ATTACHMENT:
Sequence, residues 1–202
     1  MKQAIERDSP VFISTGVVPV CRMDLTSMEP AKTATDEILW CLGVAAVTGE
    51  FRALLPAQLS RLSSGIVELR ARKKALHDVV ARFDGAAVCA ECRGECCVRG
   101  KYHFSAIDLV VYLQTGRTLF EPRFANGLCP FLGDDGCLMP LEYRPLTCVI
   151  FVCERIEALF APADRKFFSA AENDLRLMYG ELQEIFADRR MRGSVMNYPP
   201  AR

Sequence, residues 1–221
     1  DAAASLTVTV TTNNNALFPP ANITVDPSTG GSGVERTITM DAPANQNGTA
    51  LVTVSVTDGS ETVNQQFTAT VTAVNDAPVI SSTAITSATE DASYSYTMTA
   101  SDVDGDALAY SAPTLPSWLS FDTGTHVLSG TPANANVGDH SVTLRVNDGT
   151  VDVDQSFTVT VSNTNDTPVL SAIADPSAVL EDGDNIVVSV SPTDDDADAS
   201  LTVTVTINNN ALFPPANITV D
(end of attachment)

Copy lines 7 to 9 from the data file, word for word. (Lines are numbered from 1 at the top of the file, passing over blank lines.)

Sequence, residues 1–221
     1  DAAASLTVTV TTNNNALFPP ANITVDPSTG GSGVERTITM DAPANQNGTA
    51  LVTVSVTDGS ETVNQQFTAT VTAVNDAPVI SSTAITSATE DASYSYTMTA